Reply by Wandering Sensei: Moderator Man on July 16, 2017 at 11:43pm

I get the feeling Snyder has started his own universe here. As much as it may splinter off and affect that official "DCU", the multiverse will surely play out in many ways throughout this series. I like the idea of the "Dark Multiverse", which makes me wonder if this is a separate, dark version of the 52 universes (making 104 universes?), or whether the dark multiverse is just one of the 52. Either way, it will probably play out the same. I'm looking forward to whatever plays out.

I think we got the answer to this question in the first issue of this series. 

I'm looking forward to reading the rest of this series. It looks like it's going to be a ton of bombastic fun. Anyone else read it yet?

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I'm not thrilled with those deaths either, Cap -- but one of those characters in particular is such a great quirk of the DCU that I don't see it standing. 

Captain Comics said:

I skipped over several of the one-shots to go directly to issue #3. Murder Machine, Dawnbreaker, The Drowned. Do I need to read them, Legionnaires? Or is it just "Batman murders the Justice League and becomes one of them" over and over?

Yeah, you don't need to read them unless you are interested in the "origin stories" for the DarkBat Leaguers. If you were only going to read one, I'd recommend Murder Machine.

Btw, the template for the tie-in stories is basically as follows:






We see an earth from the dark multiverse.  It's designated by a negative number that seems to loosely correspond to a positive numbered earth from Morrison's Multiversity.

We learn how a DarkBat version of a Justice Leaguer came to exist on this Earth.  DarkBat Green Lantern, DarkBat Flash etc...

The DarkBat Leaguer travels to Earth 0 and battles his counterpart. Murder Machine vs Cyborg etc...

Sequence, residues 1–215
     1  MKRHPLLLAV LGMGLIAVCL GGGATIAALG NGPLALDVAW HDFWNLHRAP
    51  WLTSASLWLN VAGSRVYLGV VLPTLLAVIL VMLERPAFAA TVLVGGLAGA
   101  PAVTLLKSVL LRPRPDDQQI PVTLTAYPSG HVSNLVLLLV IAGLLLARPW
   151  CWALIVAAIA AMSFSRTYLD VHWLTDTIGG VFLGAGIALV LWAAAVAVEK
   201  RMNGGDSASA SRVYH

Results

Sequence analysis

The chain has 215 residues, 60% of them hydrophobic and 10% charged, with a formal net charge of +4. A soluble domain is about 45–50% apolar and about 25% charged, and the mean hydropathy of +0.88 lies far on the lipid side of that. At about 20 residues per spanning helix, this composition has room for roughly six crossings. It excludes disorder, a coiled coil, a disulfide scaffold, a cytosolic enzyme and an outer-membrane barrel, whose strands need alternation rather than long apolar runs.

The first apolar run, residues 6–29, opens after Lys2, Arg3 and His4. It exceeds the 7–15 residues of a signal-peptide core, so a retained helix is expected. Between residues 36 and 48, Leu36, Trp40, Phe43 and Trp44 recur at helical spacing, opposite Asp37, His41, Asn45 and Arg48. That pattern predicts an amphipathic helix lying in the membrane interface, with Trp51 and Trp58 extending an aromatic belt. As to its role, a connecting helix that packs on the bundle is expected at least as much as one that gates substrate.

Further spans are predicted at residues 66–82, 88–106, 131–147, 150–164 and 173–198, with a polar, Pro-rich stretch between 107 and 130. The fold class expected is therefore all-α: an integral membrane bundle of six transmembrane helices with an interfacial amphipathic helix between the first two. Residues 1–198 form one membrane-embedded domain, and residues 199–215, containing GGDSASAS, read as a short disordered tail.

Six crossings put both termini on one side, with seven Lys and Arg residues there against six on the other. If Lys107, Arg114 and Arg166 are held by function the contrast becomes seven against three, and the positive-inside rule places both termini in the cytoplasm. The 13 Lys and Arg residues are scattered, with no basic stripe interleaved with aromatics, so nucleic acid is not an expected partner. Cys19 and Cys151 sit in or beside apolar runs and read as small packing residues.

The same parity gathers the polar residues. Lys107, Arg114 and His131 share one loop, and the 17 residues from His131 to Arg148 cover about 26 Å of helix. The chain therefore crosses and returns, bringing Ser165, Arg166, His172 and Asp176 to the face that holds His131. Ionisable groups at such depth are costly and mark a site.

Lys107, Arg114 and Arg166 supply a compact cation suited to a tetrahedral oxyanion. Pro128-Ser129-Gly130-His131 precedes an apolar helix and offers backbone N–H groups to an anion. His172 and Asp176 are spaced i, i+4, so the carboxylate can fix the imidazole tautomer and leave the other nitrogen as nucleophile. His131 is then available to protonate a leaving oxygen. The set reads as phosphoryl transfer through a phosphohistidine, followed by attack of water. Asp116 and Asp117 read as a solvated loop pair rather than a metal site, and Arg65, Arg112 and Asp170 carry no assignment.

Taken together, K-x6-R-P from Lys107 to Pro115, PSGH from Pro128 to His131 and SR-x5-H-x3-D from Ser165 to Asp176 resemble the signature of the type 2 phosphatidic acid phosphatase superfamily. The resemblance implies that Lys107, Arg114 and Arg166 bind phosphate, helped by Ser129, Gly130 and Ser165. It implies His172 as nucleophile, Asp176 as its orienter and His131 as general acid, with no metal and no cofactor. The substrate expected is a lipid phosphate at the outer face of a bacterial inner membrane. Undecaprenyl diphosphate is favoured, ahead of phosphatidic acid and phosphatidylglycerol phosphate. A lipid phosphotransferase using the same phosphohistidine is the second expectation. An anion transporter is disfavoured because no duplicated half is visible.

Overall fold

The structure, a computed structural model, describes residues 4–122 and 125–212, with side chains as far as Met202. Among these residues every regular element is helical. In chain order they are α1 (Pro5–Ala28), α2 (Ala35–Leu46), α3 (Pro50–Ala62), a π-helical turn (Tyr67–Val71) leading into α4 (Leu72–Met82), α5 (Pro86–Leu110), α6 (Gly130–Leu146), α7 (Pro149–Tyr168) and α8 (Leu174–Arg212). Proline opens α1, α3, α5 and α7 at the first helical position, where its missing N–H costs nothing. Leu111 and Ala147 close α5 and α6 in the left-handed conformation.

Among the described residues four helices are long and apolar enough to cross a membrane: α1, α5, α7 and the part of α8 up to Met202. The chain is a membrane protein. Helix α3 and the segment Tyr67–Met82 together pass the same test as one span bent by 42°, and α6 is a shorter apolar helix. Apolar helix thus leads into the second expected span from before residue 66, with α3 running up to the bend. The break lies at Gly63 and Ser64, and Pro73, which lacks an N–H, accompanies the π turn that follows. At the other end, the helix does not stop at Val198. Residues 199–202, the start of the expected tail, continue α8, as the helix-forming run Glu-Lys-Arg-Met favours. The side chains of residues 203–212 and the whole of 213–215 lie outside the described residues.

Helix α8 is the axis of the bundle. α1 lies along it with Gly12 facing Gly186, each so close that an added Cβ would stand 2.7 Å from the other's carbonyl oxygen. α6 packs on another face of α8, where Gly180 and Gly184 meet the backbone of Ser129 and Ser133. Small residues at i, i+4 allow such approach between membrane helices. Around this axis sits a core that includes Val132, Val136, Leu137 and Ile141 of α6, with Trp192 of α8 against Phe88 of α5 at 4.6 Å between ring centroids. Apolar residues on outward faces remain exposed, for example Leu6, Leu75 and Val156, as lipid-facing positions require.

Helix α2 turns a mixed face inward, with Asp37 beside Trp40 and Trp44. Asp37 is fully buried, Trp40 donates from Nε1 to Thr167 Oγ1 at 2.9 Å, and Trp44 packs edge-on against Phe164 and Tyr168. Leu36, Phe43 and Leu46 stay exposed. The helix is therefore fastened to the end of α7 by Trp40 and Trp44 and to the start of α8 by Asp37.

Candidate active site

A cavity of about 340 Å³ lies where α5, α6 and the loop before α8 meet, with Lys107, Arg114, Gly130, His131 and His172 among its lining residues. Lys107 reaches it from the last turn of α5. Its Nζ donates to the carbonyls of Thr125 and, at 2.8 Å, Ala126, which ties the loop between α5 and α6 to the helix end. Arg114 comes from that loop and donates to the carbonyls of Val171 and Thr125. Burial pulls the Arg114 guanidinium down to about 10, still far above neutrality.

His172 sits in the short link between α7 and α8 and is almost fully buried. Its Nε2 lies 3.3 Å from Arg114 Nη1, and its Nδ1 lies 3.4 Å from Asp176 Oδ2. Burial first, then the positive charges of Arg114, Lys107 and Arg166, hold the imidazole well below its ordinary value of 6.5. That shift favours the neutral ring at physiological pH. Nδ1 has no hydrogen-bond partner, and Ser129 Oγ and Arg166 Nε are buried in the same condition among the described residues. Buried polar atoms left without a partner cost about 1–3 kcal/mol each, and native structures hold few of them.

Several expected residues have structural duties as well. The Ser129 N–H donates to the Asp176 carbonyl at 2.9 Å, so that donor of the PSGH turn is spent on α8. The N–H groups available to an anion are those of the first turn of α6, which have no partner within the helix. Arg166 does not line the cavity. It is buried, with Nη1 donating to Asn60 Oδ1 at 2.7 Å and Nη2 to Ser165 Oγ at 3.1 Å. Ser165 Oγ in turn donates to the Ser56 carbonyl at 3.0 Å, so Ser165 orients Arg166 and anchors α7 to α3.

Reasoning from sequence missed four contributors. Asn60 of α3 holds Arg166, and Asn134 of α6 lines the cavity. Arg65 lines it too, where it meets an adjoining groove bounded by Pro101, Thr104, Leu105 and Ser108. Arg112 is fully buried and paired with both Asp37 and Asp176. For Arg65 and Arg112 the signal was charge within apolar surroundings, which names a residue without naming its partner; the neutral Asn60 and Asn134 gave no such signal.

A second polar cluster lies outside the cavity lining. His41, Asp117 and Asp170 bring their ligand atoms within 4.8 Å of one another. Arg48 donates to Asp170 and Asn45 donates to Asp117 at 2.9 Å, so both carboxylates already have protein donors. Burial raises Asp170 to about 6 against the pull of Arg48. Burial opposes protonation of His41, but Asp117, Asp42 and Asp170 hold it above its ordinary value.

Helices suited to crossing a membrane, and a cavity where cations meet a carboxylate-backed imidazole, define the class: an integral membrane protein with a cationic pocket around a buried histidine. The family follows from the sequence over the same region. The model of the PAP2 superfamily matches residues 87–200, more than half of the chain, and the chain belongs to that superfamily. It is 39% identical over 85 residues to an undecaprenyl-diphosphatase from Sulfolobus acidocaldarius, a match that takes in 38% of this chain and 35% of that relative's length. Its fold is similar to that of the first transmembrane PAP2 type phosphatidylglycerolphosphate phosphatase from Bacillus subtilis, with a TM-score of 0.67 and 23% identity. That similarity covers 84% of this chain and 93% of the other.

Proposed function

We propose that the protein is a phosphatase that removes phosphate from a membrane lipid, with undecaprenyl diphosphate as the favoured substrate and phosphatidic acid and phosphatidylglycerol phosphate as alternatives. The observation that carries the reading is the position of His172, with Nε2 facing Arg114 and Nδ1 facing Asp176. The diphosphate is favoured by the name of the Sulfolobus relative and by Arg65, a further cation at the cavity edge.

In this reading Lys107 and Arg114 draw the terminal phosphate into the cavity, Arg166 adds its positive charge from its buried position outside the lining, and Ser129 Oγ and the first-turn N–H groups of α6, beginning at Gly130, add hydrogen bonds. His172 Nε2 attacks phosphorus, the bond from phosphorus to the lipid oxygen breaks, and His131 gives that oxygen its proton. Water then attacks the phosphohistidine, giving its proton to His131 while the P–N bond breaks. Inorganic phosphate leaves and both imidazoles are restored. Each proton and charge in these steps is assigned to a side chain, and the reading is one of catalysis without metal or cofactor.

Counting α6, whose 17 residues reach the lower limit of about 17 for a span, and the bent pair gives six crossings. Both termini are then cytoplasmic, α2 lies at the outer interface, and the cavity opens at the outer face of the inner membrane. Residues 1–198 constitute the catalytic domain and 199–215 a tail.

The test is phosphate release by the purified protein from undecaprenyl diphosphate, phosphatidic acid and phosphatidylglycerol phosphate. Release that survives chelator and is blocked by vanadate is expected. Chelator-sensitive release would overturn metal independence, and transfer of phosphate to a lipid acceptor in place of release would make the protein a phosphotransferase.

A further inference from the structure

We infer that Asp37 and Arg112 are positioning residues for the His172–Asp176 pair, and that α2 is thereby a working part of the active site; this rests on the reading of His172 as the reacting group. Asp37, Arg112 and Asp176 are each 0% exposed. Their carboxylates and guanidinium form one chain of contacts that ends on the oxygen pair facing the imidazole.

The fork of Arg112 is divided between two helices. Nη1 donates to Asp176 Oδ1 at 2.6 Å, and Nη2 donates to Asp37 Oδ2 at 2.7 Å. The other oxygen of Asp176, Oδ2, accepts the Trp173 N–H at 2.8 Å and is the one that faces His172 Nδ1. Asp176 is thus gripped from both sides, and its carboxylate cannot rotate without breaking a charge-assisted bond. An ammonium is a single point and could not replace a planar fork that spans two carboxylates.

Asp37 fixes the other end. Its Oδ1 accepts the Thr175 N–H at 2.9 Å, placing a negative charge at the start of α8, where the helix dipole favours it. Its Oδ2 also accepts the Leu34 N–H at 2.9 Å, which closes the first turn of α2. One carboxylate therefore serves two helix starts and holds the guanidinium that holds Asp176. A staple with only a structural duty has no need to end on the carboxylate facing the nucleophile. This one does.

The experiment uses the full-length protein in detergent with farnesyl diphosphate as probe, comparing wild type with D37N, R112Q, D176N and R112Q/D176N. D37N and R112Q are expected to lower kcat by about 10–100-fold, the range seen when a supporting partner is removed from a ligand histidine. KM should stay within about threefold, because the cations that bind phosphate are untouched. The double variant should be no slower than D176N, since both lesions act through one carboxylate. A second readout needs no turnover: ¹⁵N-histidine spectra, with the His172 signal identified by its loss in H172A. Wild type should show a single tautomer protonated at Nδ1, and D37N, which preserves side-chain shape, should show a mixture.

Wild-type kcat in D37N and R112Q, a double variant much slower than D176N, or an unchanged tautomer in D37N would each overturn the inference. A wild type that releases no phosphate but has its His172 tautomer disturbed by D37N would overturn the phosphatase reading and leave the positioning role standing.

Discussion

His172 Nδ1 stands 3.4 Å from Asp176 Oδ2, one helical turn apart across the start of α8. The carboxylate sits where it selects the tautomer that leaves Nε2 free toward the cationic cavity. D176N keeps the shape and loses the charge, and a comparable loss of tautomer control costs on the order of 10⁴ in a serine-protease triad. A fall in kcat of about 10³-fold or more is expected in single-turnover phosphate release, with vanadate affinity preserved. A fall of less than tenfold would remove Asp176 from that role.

The DarkBat Leaguer defeats the Earth 0 counterpart and is about to kill him.

Dr Fate arrives and whisks the good guy away.

Read Murder Machine with an eye to whether it really adds anything I need to know to enjoy Metal. It didn't (as far as I can tell), so I"m going to skip the rest of the "origin" stories.

Batman: Lost, on the other hand, was a lot of fun. We've seen something similar before -- the here shifting around from alternate reality to alternate reality, trying to get out -- but Snyder and company do it with panache.

I'm also reading the "Bats Out of Hell" storyline that crosses over between Flash, Justice League, and Hal Jordan and the Green Lantern Corps. It's fun, but probably skippable overall; I expect it to be recapped in a panel or two in the next issue of Metal. 

Batman Lost made me want to go back and read ... Infinite Crisis? Final Crisis? Whichever it was that sent Batman back to the Stone Age. This seems like a sequel, or just taking inexplicable things in that story and building a coherent story out of it.

Has anybody done that? I'm curious how much extrapolation was done -- and, I guess, how much we can speculate Morrison had in mind at the time.

I didn't buy The Man Who Laughs, but I did read the final issue of the Bats Out of Hell crossover among Justice League, Flash, and Green Lantern. It was a fun, but largely inconsequential story. Cyborg gets a bit of a multiversal upgrade, and the group gets to see different threads of Hypertime briefly. More interesting to me was Cyborg's relationship with an old friend, Raven...who's someone I didn't realize he'd met before in this version of the DCU. Nice to see them reunited, though.

And as a character beat, I really liked Cyborg embracing the role not of player, but of coach. That's a great way for him to look at it, and I'd like if that characterization continued even when Batman gets on board.

Up to this point, I've been a little uncomfortable with Cyborg's role in the League. Due to the nature of his powers, he does make a good fit for "The Guy in the Chair" (to lift from Spider-Man: Homecoming). So, yeah, Batman was always calling up to the satellite telling Vic what he needed him to do. 

All well and good, but Cyborg is obviously there as the token black guy, which isn't necessarily bad, since it breaks up the universal whiteness of the League. But it only works if the token gets to act as more than a token, and as a full equal. Which isn't the case when he's essentially Batman's butler in the League.

So if he adopts a different role than butler, especially a leadership position, then maybe my discomfort will fade.

Yes, exactly. I think Vic is a great character, and he gets sidelined all the time. 

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